The boycott spread to Brooklyn, Harlem, and the Bronx, as well as Newark, Philadelphia, and Boston. The Ladies’ Anti-Beef Trust Association was formed to coordinate activities. Its members visited labor groups, landsmanshaftn (benevolent organizations), and socialist organizations to seek support. Flyers with a skull and crossbones and the slogan, “Eat no meat while the Trust is taking meat from the bones of your women and children” were circulated. The Association also established coops to sell meat purchased elsewhere. “We are in communication with Philadelphia wholesalers and butchers, and where the kosher beef is killed and certified by the rabbi,” the secretary of the Association, Jacob Kirschberg, told the New York Times. “We believe that we can establish as many as two hundred stores on the east side, one located at every fifth block. Each customer will be a stockholder to the amount of his [sic] purchase. The price of meat will be 10 cents per pound and the profits on it will be divided among buyers.”
After several days, the Retail Butchers Association endorsed the boycott. Two weeks later, the strike was over and the price of wholesale meat had been reduced to nine cents a pound, the retail price to fourteen cents. These lower prices were not sustained, but the boycott did show the power of women to organize within the consumer marketplace and win allies. A few years later, women and labor organizations would be organizing rent strikes on the Lower East Side, using the meat boycott as a model — and still later, other consumer groups in New York and elsewhere would organize boycotts related to food prices, some of which were endorsed by progressive politicians such as Mayor Fiorello La Guardia.
What are the lessons from these boycotts for today’s food activists? First, food justice can be a powerful impetus for civic action. Organizing to remove public subsidies from unhealthy products (such as corn, sugar and high-fructose corn syrup), and providing subsidies instead for healthier goods (such as whole grains and fresh fruits and vegetables) can be a plausible strategy to help reduce food insecurity and diet-related disease.
Second, the 1902 boycott suggests the possibility of making new alliances. At times, the kosher butchers and the women activists were in conflict, but at other points they joined forces to confront the Meat Trust, the main source of higher prices. Organizers also reached out to labor, religious, socialist and community organizations to stitch together a powerful coalition. Imagine an alliance of bodega and small grocery store owners, neighborhood associations, and food activists that mobilized to bring healthier, more affordable food into urban neighborhoods? Could progressive forces unite to end the austerity policies that have led Congress to cut food benefits such as SNAP (formerly known as Food Stamps) and WIC, the program that provides food to pregnant women, new mothers, and small children? Could small store owners, farmers, and anti-hunger advocates join forces to launch a new campaign to enroll the one-in-four Americans who are eligible for SNAP but are not receiving benefits, in order expand the market for affordable, healthy food? Such a campaign could also shift the SNAP dollars that now subsidize Coke, Pepsi, Kraft, Kellogg’s, and other Big Food companies towards the regional farmers whose crops could be sold in urban markets if the proper transportation and food processing infrastructure existed.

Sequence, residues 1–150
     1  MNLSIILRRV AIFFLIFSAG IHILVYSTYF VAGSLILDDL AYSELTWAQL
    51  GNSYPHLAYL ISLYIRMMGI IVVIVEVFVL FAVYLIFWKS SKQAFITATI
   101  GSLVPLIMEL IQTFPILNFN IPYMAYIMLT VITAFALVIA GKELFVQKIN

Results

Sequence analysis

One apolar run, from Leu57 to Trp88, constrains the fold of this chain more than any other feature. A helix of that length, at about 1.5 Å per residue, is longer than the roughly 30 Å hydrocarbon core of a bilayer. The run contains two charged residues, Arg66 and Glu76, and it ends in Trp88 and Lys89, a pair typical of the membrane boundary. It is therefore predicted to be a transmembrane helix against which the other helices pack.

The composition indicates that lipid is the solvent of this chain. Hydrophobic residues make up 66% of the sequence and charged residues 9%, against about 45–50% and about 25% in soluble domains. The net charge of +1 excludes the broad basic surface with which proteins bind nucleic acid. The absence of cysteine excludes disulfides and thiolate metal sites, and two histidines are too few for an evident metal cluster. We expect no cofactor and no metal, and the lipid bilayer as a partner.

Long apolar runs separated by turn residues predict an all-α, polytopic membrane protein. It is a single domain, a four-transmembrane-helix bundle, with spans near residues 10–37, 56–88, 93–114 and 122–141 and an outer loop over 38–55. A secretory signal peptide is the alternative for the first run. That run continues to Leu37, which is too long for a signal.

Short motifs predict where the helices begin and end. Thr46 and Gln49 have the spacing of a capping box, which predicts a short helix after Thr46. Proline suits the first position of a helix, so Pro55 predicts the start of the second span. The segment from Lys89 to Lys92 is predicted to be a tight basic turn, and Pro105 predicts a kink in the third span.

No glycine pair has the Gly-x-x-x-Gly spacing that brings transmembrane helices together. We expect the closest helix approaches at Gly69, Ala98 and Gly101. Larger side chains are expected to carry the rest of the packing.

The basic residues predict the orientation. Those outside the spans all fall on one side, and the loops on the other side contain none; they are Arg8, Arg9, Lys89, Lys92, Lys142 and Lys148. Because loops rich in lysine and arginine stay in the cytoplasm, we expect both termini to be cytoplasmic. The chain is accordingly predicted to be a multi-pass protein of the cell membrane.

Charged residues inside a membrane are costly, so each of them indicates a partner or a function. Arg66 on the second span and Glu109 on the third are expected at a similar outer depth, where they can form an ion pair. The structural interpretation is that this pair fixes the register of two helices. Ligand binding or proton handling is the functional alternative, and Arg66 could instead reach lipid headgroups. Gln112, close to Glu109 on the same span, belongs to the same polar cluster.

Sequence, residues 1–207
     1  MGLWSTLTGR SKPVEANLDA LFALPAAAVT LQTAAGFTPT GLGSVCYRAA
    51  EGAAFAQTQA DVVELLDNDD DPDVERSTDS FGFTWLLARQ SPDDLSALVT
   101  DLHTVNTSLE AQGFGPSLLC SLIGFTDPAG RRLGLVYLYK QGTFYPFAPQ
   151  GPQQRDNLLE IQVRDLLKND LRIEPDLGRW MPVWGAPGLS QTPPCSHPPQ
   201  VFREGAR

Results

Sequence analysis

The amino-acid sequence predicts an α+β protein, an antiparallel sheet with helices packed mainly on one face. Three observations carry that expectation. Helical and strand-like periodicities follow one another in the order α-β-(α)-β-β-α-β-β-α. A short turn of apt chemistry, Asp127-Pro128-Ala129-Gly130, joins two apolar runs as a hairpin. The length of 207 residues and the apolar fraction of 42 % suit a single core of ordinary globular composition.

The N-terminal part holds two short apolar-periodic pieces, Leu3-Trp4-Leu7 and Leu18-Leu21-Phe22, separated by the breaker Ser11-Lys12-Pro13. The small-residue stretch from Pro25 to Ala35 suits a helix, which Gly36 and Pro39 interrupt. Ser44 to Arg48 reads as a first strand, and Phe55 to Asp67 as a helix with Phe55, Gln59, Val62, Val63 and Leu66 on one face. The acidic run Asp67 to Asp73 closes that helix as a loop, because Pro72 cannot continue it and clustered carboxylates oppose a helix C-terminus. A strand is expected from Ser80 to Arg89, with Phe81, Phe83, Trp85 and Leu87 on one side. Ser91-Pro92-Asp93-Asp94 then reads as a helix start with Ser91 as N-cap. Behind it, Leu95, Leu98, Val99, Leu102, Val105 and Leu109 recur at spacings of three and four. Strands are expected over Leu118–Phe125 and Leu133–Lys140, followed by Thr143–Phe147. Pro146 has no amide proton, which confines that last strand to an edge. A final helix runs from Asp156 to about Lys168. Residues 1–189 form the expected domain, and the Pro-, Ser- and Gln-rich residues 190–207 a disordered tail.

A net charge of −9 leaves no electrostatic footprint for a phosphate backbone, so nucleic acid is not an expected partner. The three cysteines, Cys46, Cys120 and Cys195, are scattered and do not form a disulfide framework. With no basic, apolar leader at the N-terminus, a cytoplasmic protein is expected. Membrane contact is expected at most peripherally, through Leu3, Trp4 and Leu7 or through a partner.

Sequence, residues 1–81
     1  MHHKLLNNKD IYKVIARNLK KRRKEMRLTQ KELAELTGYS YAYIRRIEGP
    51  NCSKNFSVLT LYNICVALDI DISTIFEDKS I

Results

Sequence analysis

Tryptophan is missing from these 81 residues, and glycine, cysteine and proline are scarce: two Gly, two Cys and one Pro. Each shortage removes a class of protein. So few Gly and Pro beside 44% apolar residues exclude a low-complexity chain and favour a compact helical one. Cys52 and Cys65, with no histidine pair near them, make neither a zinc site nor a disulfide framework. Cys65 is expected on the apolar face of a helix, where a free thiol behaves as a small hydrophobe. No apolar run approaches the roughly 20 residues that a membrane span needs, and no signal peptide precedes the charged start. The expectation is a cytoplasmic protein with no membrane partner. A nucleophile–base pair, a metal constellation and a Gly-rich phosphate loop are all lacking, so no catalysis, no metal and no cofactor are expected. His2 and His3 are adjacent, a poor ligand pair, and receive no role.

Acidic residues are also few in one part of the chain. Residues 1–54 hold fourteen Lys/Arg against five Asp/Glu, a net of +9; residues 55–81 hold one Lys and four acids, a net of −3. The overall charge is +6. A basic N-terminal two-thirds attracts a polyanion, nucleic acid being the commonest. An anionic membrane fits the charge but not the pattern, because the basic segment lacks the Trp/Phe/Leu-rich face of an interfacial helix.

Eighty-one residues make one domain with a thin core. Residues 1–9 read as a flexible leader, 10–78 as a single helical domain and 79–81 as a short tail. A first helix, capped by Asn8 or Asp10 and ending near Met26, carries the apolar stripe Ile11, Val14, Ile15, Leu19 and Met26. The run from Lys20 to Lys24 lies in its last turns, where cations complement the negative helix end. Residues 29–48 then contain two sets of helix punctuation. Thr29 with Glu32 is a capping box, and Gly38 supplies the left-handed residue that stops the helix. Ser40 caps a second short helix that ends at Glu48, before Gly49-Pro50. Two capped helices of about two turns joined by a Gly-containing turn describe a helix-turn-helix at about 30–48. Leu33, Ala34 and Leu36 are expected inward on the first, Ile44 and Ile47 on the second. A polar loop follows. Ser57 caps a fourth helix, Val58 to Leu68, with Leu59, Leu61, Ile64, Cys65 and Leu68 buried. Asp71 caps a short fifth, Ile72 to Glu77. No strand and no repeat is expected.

Third, the kosher meat boycott shows the power of women to use and transform their roles as wives and mothers to become political activists fighting for their own rights and the well-being of their community. In the past, women have invigorated and expanded — and also criticized — the civil rights, environmental justice, and labor movements. Could new alliances — and debates — between the women’s movement and the food justice movement create new opportunities for expanding each other?
Finally, the kosher meat boycott shows the potential for food to stir up activism and the power of ethnic identity to mobilize communities for change. Puerto Ricans, Mexicans, Chinese, African-Americans, Russians, and Indians each have strong cultural ties to their diet and food. Each group is also constrained by our food system’s domination by a few corporations, which seek to homogenize our diets with processed foods high in fat, sugar, and salt that contribute to premature death and preventable illness. By looking for new ways to bring together the diverse constituencies that would benefit from a healthier food system, the food justice movement has the opportunity to write the next chapter in creating a food system that supports well-being.
Nicholas Freudenberg is Distinguished Professor of Public Health at Hunter College and the City University of New York, and co-directs the New York City Food Policy Center at Hunter College.